California Courts interpreting California anti-discrimination laws often look to federal court decisions interpreting federal anti-discrimination laws under “Title VII”. A recent U.S. Supreme Court case, Burlington Northern & Santa Fe Railway Co. v. White (Decided June 22, 2006) is positive for employees who claim they have been injured by employer retaliation because they protested discriminatory employer actions.

In Burlington, plaintiff Sheila White was the only woman working in her department as a forklift operator at Burlington Northern & Santa Fe Railway Co. After White complained internally that her supervisor had remarked several times that women should not be working in such a department, Burlington removed White from her forklift duties and assigned her to perform laborer tasks. Burlington explained that the reassignment reflected co-worker’s complaints that a “more senior man” should have the “less arduous and cleaner job” of forklift operator.

White then filed an EEOC complaint based on unlawful gender discrimination and retaliation. A few days after the filing of her complaint, Burlington suspended White without pay after an alleged disagreement with her supervisor, who claimed that White was insubordinate. White invoked internal grievance procedures. Burlington concluded at the end of the grievance investigation that White had not been subordinate. Burlington therefore reinstated White and gave her back-pay for the 37 days she was suspended.White then filed a claim in federal court alleging that Burlington’s corrective actions were insufficient. She argued successfully that reinstatement and back-pay did not address the full measure of her losses, including her emotional injury.

Burlington argued that White wasn’t harmed enough to justify a lawsuit. The Supreme Court focused on just how much employment harm must occur for an employee to prove “adverse employment action”. Requiring an employee to have extreme or obvious economic harm would operate to limit the number of cases that would succeed. On the other hand, requiring little injury would operate to put employer’s on notice that retaliation, even if mild, could result in liability. The test adopted by the U.S. Supreme Court was whether, from the viewpoint of a reasonable employee, the actions taken against the employee were sufficient to deter the employee (and others like her) from complaining about illegal discrimination. The Court found that being without pay for 37 days would deter a reasonable employee from exercising her rights to complain internally of discrimination, even if she had access to a grievance procedure.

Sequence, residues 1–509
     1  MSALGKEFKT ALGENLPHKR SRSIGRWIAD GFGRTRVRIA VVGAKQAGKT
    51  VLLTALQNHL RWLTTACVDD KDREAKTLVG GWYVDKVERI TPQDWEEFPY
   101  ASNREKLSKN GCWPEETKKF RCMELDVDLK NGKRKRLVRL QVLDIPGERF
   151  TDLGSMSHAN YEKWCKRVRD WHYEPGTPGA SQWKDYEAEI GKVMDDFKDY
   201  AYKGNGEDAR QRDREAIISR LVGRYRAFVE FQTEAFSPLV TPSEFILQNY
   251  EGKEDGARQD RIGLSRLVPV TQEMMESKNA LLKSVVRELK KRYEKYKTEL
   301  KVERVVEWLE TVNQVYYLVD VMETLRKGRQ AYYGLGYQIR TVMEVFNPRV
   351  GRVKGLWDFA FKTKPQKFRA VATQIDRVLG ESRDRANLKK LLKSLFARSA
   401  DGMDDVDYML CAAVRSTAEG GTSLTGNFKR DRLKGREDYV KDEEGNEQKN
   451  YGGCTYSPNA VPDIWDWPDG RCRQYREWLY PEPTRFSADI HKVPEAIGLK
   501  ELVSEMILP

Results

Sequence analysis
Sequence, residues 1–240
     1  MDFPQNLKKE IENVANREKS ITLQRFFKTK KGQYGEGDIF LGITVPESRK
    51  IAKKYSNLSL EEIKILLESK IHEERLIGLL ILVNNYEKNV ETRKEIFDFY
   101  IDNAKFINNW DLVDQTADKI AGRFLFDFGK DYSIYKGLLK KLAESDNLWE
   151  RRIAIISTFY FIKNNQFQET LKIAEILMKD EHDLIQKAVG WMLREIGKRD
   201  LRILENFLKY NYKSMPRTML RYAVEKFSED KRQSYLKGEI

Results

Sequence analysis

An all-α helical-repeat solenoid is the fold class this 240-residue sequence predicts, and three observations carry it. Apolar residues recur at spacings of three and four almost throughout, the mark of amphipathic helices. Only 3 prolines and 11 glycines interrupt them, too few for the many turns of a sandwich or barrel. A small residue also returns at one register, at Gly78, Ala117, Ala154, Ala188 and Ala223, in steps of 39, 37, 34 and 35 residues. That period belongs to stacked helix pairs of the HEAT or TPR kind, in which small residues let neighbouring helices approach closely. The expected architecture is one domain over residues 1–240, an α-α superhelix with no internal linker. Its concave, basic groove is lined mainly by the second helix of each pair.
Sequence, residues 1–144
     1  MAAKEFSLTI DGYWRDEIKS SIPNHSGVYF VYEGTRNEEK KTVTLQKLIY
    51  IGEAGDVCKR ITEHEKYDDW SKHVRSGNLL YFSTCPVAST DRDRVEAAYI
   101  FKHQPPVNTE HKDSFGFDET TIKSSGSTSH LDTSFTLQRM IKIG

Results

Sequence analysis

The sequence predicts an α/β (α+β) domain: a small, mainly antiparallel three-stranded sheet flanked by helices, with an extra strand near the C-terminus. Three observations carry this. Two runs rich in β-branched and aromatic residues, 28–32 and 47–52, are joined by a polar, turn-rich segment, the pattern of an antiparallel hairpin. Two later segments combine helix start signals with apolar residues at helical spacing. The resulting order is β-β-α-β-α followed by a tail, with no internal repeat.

The California Supreme Court in Yanowitz v. L’Oreal (2005) addressed much the same question as the U.S. Supreme Court in Burlington, but reached its decision some months before the federal court. The Yanowitz Court held that an employee suing for retaliation under California’s anti-discrimination law must demonstrate that the employer’s retaliation caused a “material affect” on the “terms, conditions, or privileges of employment”. The State Supreme Court explained that a “material affect” was one that 1) detracted the employee from her job performance, 2) discouraged her from remaining on the job, and 3) kept her from advancing in her career.

The two Courts, while using different standards of “deterrence” [Burlington] or “material affect” [Yanowitz] actually are quite close in how they define “adverse employment action”. Therefore it is likely that California Courts will rely on the analysis of the Burlington Court to decide future State discrimination/retaliation cases. Employee attorneys would be wise to cite the Burlington case as a source of guidance, if not precedent, when presenting proof of “adverse employment action”.

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